- Keep things playful with a game. When comprehensions questions are coming from a spinner, cube, or other game instead of just the teacher, a discussion instantly becomes more fun! My guided reading packs and bundles include printable comprehension activities like the ones featured below! They’re quick to put together, fun, and promote meaningful conversations.
- Have students fill out an interactive bookmark during/after reading. Doing some quick writing can help students prepare for the post-reading discussion. If you’re working on character traits, for example, have students fill out one of the bookmarks featured below (from my 2nd-3rd grade Reading Workshop Toolkit). They can place the bookmark in the text and then easily turn back to that page when they are ready to discuss the main character’s traits (and corresponding text evidence).
- Give students a post-reading writing assignment to complete on their own. Create an engaging prompt, and introduce it to students at the very end of the lesson. Choose a high-interest topic that also requires students to respond with text evidence (i.e. “Would you want to be Character A’s best friend? Why or why not?” or “Should tigers be kept in zoos? Why or why not?”). Have students talk briefly about how they would answer the question. Then, let them take the guided reading books back to their seats and respond to that question independently, in writing. The next time the group meets, students can bring their responses back and share them with a partner.
- Have students look for a word pattern they’re studying. When we do word study with students, we want them to be able to apply that knowledge to reading and writing. From time to time, I have students look for a particular word pattern within a text. I never devote a ton of time to it during guided reading (because students can do this independently), but it’s an option for students who finish reading early.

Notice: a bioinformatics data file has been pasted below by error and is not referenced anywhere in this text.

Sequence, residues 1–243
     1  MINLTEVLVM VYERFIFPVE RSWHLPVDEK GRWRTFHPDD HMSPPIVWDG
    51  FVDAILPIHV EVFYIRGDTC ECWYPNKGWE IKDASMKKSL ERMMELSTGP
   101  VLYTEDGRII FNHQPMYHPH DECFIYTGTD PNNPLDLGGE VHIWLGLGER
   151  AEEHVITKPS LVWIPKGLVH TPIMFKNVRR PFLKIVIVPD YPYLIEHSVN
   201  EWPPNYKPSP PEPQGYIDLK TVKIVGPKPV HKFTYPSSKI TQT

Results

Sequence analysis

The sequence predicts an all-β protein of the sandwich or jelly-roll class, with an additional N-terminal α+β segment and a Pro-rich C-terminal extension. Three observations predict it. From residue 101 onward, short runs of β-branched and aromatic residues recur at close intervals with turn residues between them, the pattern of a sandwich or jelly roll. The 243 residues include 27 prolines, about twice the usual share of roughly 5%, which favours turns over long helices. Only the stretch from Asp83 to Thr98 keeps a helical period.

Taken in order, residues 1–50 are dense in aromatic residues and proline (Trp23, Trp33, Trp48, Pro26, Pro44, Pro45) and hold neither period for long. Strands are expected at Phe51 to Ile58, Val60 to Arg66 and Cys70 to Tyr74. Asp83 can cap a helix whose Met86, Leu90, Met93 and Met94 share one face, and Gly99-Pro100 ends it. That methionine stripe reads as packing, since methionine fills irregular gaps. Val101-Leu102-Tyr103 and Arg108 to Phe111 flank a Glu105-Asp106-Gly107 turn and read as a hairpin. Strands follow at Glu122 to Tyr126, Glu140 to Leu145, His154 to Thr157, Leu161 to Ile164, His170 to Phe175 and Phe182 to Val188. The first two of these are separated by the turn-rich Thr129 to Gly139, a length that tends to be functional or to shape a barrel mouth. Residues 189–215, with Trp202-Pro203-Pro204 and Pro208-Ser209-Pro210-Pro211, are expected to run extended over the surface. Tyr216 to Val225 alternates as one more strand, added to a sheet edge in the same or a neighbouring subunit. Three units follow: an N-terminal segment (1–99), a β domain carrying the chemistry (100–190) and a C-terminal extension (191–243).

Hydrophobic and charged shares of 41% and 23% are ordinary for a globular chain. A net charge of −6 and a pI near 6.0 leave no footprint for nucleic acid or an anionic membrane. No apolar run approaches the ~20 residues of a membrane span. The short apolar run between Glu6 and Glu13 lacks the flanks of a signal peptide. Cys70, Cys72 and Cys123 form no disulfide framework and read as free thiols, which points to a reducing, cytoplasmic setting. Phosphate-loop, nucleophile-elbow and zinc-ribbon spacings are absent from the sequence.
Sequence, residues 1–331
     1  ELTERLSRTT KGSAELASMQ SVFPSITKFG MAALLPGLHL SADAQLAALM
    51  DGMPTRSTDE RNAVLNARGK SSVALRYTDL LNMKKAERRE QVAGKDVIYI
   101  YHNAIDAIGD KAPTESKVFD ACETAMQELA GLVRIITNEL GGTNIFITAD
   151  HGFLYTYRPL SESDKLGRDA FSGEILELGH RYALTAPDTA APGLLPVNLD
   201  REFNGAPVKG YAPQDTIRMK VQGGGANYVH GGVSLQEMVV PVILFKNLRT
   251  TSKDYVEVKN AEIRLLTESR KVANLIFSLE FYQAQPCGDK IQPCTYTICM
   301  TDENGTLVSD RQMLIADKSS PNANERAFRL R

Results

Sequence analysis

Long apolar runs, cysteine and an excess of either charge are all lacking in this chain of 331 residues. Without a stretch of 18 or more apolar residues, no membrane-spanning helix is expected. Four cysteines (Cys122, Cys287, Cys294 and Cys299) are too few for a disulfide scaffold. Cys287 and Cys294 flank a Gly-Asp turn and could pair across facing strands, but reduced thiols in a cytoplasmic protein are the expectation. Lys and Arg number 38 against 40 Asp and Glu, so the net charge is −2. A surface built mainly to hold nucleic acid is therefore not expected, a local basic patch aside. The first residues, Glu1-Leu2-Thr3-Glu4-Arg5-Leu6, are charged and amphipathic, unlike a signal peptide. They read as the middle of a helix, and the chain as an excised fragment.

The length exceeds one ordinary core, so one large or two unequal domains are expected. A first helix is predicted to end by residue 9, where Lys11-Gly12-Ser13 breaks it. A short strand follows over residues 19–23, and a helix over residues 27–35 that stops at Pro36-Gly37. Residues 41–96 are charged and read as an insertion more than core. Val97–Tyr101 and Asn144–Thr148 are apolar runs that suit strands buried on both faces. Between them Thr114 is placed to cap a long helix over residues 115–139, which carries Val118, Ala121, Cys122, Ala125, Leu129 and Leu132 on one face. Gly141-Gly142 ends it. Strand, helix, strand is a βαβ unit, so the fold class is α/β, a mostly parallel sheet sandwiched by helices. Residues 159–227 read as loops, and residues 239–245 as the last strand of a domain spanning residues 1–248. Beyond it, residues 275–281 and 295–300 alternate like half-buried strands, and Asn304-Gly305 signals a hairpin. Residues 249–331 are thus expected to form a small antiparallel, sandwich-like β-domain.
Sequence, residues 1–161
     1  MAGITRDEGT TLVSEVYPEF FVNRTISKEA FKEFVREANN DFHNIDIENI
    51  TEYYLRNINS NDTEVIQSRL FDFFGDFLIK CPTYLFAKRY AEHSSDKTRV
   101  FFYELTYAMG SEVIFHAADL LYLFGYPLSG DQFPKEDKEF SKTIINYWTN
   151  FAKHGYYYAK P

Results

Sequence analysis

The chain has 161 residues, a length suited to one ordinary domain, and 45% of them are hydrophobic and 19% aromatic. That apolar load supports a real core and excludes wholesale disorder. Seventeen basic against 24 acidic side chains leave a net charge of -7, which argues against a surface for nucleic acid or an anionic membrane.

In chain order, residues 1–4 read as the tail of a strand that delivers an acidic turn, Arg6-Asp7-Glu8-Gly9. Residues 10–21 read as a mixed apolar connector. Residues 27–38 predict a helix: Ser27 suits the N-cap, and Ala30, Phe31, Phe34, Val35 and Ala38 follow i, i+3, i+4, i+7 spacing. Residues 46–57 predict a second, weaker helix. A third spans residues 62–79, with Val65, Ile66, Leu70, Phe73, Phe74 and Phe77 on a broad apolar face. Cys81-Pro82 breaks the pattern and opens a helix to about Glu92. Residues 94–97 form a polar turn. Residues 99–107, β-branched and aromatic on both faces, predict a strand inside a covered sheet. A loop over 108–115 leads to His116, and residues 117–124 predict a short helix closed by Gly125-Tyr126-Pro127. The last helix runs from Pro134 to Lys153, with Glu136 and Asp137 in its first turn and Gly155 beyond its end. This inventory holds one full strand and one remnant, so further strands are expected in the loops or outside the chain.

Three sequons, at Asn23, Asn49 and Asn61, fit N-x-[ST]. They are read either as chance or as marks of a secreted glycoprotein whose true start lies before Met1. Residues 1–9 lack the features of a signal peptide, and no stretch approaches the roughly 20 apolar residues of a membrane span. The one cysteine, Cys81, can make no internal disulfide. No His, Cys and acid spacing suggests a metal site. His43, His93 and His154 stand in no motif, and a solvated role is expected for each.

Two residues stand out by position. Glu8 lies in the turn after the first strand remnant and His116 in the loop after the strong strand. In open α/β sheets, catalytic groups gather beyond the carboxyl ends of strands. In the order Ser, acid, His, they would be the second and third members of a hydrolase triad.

Organize for Engagement
In the past, whenever I fell into a repetitive pattern during guided reading, it was often due to a lack of organization. I’m not a disorganized person at all, but when I planned my guided reading lessons, I tended to grab whatever activity I could think of that would meet my students’ needs. Unfortunately, that often meant that I used activities over and over and over again!
But now that I’ve organized all my materials and resources into my leveled guided reading packs, I no longer have this issue! I now have specific activities set aside for each guided reading level. There’s a lot to choose from at each level – and every time students move up a level, I have a whole new bank of resources to use with them!
Click on any of the images below to check out my guided reading bundles (you can also find individual levels and other bundle options HERE):
Once your Guided Reading routines are firmly in place, try changing things up once in a while to maintain students’ interest. To review, you can:
- Work to make your book introductions even more engaging
- Try out different ways for students to respond to and engage with the text
- Organize your materials or use my guided reading leveled packs so that you have plenty of activities to choose from at each level
Are there any ideas that you would add to this list? How do you keep students engaged in your guided reading lessons throughout the school year? Please comment below – I’d love to hear from you!